> stickiness of their parent resources. Replace the subresource content
        > in the parent resource, with a link or a hypertext control linked to the
        > subresource. The link or hypertext control remains static, and cached,
        > as the content of the subresource varies.
        >
        > That's a RESTful pattern, as the subresource now has a representation
        > (other than that of the 406 error) we can transfer and manipulate to
        > effect change of the parent resource.
        >
        >>
        >> > Not the semantics of a method invocation. What does /cancel
        >> > identify? Sounds to me like a method of tunneling DELETE through
        >> > POST which identifies nothing, iow a procedure endpoint, which is
        >> > characteristic of various styles but not of the REST style. The
        >> > hypertext constraint only makes sense if your resources make sense,
        >> > in that their URLs are identifiers rather than endpoints.
        >>
        >> If I understand correctly, you are saying that if I need to affect a
        >> resource then I should use the uniform interface on that resource URI,
        >> and not another URI.
        >>
        >
        > Absolutely not! My example changed /order/1 by manipulating /order/1
        > /status. The /order/1 resource includes its status, but its 200 OK
        > representations only include links to the /status subresource, derived
        > from the /order/1 resource such that manipulating a representation
        > of /order/1/status updates /order/1 (on the server, you can do anything
        > you want; on the client, the cached link/control in /order/1 now returns
        > a different value).
        >
        > There's no cost to adding a URI like this, nor does it preclude changing
        > order status via PUT/PATCH to /order/1. The difference is that /status
        > uses REST's uniform interface, unlike /cancel. The /order/1/status URL
        > is only presented within a hypertext control which explains how to
        > manipulate it -- picture a drop-down list with the current status
        > highlighted, meeting the hypertext constraint. You can always GET the
        > status of an order even if you don't have a copy of that order, a
        > useful separation of concerns beyond just optimizing GET, promoting
        > serendipitous re-use.
        >
        >>
        >> > Which brings us to Chapter 5, and the short answer to your question:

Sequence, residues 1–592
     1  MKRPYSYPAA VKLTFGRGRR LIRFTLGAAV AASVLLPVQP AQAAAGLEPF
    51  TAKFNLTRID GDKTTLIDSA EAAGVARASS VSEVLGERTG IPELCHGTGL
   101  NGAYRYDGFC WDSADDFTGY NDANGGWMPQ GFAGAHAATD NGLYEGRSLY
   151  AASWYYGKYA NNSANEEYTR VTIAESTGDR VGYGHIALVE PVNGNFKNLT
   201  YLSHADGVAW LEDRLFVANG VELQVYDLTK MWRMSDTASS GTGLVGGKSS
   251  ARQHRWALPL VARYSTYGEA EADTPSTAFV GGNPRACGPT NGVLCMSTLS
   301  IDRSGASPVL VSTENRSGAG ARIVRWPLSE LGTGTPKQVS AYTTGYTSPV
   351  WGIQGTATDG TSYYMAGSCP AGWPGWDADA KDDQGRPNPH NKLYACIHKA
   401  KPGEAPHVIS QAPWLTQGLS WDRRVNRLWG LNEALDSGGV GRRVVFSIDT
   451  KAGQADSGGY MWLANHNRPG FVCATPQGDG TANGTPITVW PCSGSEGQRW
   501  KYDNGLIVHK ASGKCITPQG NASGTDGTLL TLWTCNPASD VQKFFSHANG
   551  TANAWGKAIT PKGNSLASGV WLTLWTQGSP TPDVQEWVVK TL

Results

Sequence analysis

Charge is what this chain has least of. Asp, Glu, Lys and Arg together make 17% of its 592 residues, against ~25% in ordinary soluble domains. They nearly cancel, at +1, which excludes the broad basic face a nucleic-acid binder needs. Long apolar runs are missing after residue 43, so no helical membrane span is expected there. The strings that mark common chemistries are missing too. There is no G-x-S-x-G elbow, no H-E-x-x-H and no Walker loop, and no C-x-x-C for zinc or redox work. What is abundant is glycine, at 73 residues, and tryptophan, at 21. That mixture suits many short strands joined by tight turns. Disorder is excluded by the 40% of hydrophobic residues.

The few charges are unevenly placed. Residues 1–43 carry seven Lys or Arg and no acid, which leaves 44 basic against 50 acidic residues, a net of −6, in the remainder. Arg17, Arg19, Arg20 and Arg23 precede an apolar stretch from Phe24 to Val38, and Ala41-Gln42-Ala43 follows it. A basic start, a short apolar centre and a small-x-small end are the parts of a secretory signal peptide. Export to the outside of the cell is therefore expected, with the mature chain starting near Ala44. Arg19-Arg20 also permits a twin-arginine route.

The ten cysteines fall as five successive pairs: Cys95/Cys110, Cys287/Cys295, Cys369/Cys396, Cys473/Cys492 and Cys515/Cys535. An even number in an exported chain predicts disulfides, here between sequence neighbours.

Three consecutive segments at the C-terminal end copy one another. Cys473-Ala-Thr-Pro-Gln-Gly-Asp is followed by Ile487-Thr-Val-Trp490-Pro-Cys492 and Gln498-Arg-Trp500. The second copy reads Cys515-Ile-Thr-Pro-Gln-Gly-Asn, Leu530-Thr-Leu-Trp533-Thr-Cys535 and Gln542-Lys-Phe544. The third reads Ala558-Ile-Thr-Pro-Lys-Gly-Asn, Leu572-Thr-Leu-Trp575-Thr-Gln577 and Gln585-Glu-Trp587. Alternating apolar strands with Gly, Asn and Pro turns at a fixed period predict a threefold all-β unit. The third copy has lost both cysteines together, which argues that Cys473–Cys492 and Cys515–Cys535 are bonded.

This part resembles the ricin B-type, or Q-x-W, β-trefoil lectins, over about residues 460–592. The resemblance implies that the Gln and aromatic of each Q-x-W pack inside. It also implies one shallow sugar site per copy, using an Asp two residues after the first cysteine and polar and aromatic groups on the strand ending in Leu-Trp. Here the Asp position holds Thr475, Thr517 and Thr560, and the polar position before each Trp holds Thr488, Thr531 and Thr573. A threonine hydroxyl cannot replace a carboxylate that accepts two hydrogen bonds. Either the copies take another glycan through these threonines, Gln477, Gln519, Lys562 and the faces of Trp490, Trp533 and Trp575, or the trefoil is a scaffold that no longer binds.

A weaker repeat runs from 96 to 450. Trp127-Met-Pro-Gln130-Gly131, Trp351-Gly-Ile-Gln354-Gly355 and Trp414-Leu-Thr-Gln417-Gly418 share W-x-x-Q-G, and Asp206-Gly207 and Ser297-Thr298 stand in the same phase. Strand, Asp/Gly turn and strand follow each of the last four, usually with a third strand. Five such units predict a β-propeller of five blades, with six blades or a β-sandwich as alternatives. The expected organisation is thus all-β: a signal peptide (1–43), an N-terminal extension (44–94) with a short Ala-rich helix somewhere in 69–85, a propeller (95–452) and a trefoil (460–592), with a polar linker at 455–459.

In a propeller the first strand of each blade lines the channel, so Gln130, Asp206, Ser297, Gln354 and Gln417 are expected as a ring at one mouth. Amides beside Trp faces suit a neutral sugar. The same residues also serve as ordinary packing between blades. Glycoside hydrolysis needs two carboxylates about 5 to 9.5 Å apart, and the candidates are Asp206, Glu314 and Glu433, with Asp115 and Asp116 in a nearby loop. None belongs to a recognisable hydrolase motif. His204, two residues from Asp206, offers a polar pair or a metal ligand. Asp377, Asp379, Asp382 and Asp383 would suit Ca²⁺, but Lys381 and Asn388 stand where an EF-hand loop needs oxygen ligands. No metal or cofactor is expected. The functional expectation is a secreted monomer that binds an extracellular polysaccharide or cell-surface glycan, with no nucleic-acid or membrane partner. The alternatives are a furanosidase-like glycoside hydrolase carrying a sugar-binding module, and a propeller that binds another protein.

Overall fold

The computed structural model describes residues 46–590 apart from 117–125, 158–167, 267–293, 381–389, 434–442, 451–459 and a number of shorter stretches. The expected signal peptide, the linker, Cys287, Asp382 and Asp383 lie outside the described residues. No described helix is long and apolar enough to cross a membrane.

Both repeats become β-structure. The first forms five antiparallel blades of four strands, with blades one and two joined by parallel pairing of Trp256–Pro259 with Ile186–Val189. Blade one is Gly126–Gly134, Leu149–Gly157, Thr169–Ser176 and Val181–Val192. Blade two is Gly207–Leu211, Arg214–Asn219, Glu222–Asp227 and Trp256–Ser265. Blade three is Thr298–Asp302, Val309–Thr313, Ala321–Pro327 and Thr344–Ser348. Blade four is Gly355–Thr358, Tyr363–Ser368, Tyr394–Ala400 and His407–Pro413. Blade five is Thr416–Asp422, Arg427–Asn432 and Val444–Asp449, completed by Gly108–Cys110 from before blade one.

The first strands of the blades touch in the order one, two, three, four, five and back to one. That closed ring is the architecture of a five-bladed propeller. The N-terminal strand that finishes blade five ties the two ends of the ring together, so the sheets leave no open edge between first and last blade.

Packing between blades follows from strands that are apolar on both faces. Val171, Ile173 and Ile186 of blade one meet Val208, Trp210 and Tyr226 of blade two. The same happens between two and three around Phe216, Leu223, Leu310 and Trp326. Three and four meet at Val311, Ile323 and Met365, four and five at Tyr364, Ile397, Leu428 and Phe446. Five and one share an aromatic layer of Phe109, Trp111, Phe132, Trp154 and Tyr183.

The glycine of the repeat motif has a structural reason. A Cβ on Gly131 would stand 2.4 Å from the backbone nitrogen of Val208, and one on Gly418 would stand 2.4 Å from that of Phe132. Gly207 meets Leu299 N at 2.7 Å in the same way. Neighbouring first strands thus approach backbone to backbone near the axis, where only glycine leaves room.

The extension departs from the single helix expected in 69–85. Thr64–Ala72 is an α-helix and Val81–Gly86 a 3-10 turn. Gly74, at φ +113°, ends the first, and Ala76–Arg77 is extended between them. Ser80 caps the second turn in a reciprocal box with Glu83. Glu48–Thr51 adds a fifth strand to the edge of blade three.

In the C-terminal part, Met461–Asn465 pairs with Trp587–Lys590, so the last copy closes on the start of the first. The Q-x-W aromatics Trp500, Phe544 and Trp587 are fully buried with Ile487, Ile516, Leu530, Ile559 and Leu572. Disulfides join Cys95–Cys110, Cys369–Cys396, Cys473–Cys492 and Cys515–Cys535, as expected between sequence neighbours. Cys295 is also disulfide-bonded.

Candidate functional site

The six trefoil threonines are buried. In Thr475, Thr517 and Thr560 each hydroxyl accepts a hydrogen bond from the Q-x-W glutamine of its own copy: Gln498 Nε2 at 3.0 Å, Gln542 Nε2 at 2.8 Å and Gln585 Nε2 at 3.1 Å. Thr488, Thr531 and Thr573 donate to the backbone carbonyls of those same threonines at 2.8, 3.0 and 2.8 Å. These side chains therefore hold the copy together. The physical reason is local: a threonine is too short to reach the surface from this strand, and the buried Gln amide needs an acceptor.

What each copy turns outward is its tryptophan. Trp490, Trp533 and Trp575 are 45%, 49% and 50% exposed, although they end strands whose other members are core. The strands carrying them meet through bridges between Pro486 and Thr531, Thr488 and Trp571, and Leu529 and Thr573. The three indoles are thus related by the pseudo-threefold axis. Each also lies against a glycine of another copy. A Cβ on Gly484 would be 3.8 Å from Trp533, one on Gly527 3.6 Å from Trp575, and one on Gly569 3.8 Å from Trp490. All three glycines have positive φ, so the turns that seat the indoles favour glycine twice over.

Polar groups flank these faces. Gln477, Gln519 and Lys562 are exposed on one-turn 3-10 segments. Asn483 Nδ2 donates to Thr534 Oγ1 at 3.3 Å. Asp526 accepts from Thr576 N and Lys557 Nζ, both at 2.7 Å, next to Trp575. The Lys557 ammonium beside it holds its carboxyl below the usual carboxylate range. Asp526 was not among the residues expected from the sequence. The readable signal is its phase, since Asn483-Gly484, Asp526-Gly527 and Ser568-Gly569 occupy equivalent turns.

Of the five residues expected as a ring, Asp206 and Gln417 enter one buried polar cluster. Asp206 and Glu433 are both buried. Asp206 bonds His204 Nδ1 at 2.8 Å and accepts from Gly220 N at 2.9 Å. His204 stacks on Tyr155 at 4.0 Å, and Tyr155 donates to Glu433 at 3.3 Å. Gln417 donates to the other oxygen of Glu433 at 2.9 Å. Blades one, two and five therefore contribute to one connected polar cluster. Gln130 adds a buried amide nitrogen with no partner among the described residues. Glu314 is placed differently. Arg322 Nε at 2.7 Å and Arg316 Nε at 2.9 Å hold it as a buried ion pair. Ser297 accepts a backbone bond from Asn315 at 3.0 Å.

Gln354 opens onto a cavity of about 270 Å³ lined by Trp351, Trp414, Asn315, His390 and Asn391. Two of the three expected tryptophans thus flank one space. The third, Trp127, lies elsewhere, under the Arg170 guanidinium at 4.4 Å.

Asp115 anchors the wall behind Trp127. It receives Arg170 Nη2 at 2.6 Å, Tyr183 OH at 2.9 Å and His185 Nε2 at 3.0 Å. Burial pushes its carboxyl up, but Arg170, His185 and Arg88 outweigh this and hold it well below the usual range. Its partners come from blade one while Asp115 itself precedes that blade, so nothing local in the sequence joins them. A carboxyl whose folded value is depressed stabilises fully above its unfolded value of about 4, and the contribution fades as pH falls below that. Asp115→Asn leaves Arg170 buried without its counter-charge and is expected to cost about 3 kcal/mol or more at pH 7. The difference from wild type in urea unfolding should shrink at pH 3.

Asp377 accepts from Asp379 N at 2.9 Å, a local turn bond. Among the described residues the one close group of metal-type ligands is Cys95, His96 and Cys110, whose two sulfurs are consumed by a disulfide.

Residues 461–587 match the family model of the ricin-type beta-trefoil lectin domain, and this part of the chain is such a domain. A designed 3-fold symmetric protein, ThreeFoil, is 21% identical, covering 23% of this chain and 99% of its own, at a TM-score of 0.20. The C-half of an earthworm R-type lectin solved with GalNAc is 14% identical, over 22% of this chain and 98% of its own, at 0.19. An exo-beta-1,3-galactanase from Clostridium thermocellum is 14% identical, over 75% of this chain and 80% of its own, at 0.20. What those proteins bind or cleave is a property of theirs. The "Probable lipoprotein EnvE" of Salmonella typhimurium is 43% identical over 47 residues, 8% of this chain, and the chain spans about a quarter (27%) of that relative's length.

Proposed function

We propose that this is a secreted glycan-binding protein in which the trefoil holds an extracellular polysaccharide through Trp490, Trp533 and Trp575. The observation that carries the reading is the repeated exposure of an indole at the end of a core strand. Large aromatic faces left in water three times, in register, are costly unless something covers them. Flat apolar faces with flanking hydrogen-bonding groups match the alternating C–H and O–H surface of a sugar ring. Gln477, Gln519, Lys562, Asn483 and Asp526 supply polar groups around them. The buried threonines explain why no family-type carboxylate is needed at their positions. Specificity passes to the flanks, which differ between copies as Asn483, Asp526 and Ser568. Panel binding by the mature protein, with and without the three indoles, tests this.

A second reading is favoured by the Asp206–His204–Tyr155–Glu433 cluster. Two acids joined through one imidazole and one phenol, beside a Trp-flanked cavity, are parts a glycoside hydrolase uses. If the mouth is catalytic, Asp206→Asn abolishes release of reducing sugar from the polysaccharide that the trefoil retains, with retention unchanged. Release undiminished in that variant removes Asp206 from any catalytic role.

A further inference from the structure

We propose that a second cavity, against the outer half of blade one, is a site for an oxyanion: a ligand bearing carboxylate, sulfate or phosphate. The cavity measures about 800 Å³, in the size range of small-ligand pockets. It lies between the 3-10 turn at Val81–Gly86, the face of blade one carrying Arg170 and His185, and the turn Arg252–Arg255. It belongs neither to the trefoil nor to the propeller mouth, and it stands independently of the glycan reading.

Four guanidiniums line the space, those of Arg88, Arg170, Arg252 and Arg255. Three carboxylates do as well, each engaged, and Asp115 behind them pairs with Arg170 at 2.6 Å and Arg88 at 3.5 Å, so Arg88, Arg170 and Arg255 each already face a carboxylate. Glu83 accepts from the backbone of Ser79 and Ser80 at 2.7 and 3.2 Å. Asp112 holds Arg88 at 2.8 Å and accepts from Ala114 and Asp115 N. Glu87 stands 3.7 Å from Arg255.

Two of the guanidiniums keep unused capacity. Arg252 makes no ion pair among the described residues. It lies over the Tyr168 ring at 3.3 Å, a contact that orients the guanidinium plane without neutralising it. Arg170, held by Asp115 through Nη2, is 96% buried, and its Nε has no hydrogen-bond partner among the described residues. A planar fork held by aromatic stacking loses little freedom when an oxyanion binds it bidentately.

>> > "POSTing to /cancel violates the Identification of Resources
        >> > constraint, and is therefore unRESTful." But I've found that just
        >> > giving that answer tends to upset folks who've only read Chapter 5,
        >> > then they get defensive about why can't they call their API
        >> > RESTful, accusations of pedantry follow, and threads devolve into
        >> > general ugliness, heheh...
        >>
        >> After reading that chapter again I'm not sure my example violates
        >> anything, but I'd love to get more clarification from you. Is it the
        >> use of a verb in the URI? or not using the URI of the resource I'm
        >> trying to modify directly?
        >>
        >
        > The biggest problem, is that an RPC endpoint which has no GET function
        > while improperly listening for a method itself as a trigger rather than
        > taking action based on the content of the entity required by that method
        > and in obeyance of the semantics of that method, is so far away from
        > REST that I don't know where to start except by urging that Roy's
        > thesis be read in its entirety. Because it's obvious to me that this
        > violates the first three uniform interface constraints, making adherence
        > to the fourth irrelevant:
        >
        > "REST is defined by four interface constraints: identification of
        > resources; manipulation of resources through representations; self-
        > descriptive messages; and, hypermedia as the engine of application
        > state."
        >
        > Note that "noun/verb" terminology is not present in the dissertation.
        > But, yeah, if your URI is a "verb" you're probably getting REST wrong.
        > There is no "cancel" method in the uniform interface. There are two
        > basic means of solving this -- one, is refactor your cancel operation
        > to use DELETE; two, tunnel your proprietary cancel method through POST.
        >
        > http://tech.groups.yahoo.com/group/rest-discuss/message/19210
        >
        > Making this operation its own URI doesn't make it more RESTful, as the
        > resulting URI is only a resource in the HTTP/URI sense, but not the
        > REST sense, of the term. Utilizing subresources to break out more
        > dynamic aspects of content and cache them separately is RESTful; if the
        > contents of the GET are also allowable content of a PUT then we're